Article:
SuperMoon

full-moon-snoopy-charlie-brown


“On Monday, 14 November, the moon will be the biggest and brightest it has been in more than 60 years. So long as the sky is clear of clouds, it should be a great time to get outside and gaze at it or take some photos…At 8:09PM GMT, the moon will pass by the Earth at a distance of 356,511km – the closest it has passed the Earth since 1948. As it does so, it will be a full moon, making it a particularly big supermoon. Supermooons are roughly 30% larger in area and 30% brighter than the smallest full moons – full moons that happen when the moon is at its furthest distance from Earth: at “apogee”. In terms of diameter – the width of the moon – it will be about 14% wider than the smallest full moons. (Read more at The Guardian: Supermoon science: November 2016 moon biggest and brightest in 60 years)


Art: Dark Hall Mansion

Saturday Morning

tree-still

In November,
the trees are standing all sticks and bones.
Without their leaves, how lovely they are,
spreading their arms like dancers.
They know it is time to be still.

– Cynthia Rylant, In November

 


Notes: Photo – Anna Williams. Poem Source: Your Eyes Blaze Out

Saturday Morning

sleep-dream-jpg

What I see in dreams
makes me breathe
shallow
like golden trout
floating just beneath
the skin of water
warmed by
late autumn’s
ticklish light

~ M.J. Iuppa, opening lines to “Something Brief, But Bright,” Small Worlds Floating: Poems

 


Notes: Art Source: mennyfox55. Poem Source: Memory’s Landscape

It’s been a long day

friendly-monster-tired


Notes:

Sunday Morning

human-body-woman-beautiful

To be on the level with the dust of the earth,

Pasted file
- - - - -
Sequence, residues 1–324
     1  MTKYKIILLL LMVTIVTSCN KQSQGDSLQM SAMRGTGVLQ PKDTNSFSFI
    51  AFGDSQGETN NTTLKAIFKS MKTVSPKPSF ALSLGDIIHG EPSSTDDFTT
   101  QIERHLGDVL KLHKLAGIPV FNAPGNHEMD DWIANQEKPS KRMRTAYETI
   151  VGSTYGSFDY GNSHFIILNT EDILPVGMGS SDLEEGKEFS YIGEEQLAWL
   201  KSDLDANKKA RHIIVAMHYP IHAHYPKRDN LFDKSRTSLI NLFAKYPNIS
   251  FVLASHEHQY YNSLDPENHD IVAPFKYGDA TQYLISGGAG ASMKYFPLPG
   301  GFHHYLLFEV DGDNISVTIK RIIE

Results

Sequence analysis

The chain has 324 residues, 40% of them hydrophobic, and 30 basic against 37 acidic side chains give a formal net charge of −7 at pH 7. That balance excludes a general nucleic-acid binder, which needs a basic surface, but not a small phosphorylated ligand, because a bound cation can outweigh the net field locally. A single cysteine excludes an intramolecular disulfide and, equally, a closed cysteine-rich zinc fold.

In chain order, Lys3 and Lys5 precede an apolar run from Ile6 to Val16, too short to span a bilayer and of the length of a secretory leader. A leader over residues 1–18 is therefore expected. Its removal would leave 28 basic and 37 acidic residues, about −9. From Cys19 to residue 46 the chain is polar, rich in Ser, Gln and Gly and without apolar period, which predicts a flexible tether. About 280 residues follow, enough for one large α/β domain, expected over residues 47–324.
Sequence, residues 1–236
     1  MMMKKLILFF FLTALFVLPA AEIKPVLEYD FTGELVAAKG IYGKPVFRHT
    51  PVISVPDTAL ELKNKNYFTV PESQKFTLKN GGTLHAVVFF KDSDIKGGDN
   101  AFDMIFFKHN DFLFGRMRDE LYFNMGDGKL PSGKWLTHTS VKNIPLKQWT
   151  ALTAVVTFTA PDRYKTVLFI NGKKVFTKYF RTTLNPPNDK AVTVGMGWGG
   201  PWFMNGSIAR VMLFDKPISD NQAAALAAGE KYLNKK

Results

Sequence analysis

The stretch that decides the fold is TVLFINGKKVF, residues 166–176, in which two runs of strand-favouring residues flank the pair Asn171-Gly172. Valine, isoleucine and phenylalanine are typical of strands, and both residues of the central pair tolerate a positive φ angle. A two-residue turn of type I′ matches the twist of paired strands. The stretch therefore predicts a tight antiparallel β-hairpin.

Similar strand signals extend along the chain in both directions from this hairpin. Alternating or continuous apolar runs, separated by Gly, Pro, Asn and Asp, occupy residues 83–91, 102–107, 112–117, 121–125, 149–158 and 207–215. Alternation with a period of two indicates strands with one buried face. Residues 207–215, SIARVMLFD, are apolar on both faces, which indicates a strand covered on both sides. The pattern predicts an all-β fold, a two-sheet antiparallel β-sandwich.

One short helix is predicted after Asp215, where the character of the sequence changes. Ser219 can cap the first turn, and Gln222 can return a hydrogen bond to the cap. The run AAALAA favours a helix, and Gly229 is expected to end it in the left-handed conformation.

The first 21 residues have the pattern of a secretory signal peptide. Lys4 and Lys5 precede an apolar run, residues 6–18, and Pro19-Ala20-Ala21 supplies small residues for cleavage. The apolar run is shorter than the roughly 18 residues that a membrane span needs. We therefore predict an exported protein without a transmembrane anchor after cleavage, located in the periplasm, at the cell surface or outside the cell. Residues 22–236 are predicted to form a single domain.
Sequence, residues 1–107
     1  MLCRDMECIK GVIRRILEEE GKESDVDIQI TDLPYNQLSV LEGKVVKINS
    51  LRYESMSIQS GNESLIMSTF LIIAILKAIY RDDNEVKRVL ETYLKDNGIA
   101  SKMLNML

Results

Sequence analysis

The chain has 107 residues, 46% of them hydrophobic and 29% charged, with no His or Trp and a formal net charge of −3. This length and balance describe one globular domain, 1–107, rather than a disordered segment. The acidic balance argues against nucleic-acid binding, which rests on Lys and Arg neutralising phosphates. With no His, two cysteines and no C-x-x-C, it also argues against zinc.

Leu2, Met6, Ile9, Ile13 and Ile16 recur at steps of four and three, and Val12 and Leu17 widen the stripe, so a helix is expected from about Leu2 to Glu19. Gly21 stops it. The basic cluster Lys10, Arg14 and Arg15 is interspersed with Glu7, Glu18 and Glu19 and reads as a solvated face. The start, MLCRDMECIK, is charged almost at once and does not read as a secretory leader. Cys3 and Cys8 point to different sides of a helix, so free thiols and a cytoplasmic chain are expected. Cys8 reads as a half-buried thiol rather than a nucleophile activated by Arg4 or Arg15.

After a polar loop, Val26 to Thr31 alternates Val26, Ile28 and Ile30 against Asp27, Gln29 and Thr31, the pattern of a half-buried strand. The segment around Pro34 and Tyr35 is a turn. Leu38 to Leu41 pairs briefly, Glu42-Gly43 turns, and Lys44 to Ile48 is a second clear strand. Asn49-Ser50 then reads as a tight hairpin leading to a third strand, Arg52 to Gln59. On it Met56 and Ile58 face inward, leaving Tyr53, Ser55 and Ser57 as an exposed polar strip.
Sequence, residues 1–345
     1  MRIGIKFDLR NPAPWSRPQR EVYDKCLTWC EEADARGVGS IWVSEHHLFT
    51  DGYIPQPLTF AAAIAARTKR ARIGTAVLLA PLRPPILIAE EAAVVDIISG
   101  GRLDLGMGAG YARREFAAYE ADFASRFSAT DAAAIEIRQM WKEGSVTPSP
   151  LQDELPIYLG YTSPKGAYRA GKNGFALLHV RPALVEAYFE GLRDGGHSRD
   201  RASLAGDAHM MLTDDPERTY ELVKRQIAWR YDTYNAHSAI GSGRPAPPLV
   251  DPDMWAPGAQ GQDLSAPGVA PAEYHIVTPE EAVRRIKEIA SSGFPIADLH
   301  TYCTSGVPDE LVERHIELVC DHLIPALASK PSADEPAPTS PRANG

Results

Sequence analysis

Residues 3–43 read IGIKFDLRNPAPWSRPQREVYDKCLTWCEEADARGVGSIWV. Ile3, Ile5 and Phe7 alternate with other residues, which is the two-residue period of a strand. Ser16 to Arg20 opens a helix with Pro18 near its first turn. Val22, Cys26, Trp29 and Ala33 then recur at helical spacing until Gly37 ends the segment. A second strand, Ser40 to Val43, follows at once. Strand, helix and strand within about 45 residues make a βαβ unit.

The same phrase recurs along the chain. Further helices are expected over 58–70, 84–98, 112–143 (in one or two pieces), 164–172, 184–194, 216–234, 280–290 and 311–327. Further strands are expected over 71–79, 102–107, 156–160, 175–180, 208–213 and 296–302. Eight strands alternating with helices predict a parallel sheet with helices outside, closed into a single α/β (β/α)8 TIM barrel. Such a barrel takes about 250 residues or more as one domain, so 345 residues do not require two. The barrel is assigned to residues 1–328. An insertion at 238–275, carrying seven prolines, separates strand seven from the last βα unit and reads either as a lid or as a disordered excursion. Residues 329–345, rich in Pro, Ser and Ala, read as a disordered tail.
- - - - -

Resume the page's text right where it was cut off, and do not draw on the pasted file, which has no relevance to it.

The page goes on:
this is the mysterious virtue.

~ Marion Milner, A Life of One’s Own (1934)

 


Notes:

  • Inspired by another passage by Marion Milner:

I thought: this ‘inner fact’ – is it really so mystical? Isn’t it just the astonishing fact of being alive – but felt from the inside not looked at from the outside – and relating oneself to whatever it is?

~ Marion Milner, A Life of One’s Own

Saturday Morning

cat-stretch-fall-autumn

Complete relaxing never happened all at once. I found that it was a matter of at least five or ten minutes before the body would reach a profound repose. So I made a rule for myself, that as long as I felt an impulse to get up or turn over, then I had not lain long enough, but as soon as I felt I had never wanted to move again, then it was all right to get up at once. But I usually did not, I lay still for a little longer, lay still, while all the cells of my body came alive, like parched earth after rain. And then I discovered the most fitting end to my rest – a long cat-like stretch, which leaves one so at peace with the world, smooth and shining like wet sands, that it is worth indulging in deliberately, even when not prompted by a natural impulse.

~ Marion Milner, A Life of One’s Own (First Published, 1934)

 


Notes:

T.G.I.F.: the chatter of blind effortful thought

balloon-tgif-let-go